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Reading to Overcome

Reading to overcome

The Tailor's Needle
The Tailor’s Needle

There was a time when one went to the Gita, the Ramayana, the Bible or another religious text with faith that it would help one in times of crisis. But in these postmodern times, religious texts have lessened their grip on us and we hardly go to them for help. Instead, we pick up novels that will grip us with their fictional worlds. Reading to overcome has shifted from a blind faith in religion to a trust that fiction will keep us in the right frame of mind and positive in outlook.

Novels and fictions, written in the contemporary world of technology and unnatural addictions, must live up to their new social roles. When novelists tell stories that go not a jot beyond love stories or crime fiction, they leave their roles quite unaccomplished. The novelist needs to engage the souls and the complete beings of people. Responsible literary authors have come forward to carry out this social role of supporting society with a kind of vision or assurance that all is not lost for us. Contemporary fiction must carry out this role if it is to remain a meaningful activity. Since fiction is absorbing  and is an effective tool to pass time, it must include in its functions something that religion did in yesteryears.

This is what I had in mind when I wrote The Tailor’s Needle. I took seven years to complete it but in those seven years, my mind remained determined to help the man that had been treated unkindly by life; I wrote for the man looking for solutions to tackle the problems of contemporary living. I realized that to do this I had to take the reader to a past age when man had more faith than he has now. Once the reader was made to enter a text’s world where faith was still not lost, he would become a part of an existence in which faith could still help. It is not as if the world of the past was crime free; far from that. The Tailor’s Needle takes the reader into a world as full of crime as it ever was or has been but it also sketches a world where faith is still present to pull man out of this anomie.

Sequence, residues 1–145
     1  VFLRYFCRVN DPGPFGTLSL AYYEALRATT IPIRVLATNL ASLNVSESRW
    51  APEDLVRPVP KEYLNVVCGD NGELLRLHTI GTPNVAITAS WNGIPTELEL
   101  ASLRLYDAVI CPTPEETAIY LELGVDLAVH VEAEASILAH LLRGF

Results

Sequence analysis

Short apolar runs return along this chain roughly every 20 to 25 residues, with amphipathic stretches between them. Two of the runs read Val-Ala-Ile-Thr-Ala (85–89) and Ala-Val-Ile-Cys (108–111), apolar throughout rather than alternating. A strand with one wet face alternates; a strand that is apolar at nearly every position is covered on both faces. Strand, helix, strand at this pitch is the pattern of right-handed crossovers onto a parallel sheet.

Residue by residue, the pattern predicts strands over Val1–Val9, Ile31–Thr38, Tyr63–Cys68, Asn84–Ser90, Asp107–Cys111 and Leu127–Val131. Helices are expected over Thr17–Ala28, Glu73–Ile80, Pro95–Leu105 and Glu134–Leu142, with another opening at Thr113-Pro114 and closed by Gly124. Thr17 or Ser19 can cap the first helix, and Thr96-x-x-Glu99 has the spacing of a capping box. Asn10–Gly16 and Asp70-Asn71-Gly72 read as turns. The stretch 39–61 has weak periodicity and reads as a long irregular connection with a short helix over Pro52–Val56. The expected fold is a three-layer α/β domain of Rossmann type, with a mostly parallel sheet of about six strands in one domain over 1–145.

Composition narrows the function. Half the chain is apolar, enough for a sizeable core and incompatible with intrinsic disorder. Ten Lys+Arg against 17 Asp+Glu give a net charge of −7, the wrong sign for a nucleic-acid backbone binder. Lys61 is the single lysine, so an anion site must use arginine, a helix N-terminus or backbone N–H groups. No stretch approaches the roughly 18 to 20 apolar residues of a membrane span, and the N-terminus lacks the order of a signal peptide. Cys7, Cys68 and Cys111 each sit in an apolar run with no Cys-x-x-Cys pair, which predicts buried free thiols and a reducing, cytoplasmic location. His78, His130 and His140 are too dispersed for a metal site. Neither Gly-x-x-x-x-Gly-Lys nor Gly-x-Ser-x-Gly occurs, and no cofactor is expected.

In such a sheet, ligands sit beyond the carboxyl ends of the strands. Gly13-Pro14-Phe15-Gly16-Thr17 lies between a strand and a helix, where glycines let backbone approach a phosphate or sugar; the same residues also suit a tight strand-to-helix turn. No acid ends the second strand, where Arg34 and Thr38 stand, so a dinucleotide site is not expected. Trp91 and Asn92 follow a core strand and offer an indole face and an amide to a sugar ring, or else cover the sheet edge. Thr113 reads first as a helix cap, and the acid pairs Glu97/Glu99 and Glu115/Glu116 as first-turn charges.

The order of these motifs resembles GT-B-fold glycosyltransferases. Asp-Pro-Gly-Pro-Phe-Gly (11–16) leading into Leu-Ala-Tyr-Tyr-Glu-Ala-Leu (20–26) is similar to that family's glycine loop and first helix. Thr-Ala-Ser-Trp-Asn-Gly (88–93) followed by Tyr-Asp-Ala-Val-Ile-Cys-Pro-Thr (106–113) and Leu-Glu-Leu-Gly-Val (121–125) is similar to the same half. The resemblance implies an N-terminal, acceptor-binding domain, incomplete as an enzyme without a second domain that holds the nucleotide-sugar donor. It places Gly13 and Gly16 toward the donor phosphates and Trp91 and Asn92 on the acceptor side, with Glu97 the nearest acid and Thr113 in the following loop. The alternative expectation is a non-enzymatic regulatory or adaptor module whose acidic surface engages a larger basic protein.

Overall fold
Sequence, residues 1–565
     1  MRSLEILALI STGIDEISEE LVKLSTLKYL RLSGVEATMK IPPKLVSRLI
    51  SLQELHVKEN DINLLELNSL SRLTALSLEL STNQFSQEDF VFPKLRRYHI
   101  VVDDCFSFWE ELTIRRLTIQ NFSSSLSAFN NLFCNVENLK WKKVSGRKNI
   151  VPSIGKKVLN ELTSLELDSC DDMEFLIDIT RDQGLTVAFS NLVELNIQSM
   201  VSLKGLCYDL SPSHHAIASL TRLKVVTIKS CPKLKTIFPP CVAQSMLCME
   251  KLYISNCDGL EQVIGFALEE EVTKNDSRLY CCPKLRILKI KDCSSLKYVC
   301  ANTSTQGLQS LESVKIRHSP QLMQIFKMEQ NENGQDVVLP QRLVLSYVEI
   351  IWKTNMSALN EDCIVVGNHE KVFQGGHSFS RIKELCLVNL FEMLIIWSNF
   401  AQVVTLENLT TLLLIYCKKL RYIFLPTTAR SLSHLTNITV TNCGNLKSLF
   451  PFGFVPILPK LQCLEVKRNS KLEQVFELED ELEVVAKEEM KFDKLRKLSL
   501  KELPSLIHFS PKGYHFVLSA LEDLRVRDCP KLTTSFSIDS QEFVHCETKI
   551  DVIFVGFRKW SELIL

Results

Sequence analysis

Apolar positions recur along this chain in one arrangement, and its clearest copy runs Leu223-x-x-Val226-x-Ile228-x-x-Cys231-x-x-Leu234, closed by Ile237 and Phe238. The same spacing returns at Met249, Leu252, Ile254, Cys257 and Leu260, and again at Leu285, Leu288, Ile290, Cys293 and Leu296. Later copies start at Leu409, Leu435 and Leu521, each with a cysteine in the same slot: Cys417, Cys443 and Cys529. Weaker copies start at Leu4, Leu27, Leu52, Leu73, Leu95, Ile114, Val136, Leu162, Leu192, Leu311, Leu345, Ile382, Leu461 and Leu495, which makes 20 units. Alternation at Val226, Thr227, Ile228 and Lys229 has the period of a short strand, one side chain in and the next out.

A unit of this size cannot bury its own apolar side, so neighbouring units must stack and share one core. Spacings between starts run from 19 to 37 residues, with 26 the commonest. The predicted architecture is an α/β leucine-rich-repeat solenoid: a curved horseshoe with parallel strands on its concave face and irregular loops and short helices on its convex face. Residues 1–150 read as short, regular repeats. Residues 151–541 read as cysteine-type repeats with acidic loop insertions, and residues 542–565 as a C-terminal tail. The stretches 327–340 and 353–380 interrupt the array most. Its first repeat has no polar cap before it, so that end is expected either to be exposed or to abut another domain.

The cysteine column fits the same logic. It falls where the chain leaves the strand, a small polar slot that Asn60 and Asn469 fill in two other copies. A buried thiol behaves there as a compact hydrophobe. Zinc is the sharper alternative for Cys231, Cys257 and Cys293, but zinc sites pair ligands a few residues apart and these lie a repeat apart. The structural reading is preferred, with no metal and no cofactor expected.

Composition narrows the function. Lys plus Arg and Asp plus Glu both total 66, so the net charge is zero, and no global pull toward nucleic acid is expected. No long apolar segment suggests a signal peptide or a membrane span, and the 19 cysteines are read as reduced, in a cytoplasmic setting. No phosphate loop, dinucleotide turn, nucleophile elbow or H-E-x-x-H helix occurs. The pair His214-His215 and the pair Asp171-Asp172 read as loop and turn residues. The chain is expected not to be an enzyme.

I believe that because of this quality, The Tailor’s Needle has done so well not only in India but in the world at large. I have decided that as far as possible whatever I write in the future must share in this quality with The Tailor’s Needle. I have no doubt that without faith people will tend to be attracted by fascist and extremist activities. The underworld of crime will grow. I always say that students must read meaningful fiction as that will keep them assured that good actions will lead to good and fulfilled lives. This is what fiction should make us believe.

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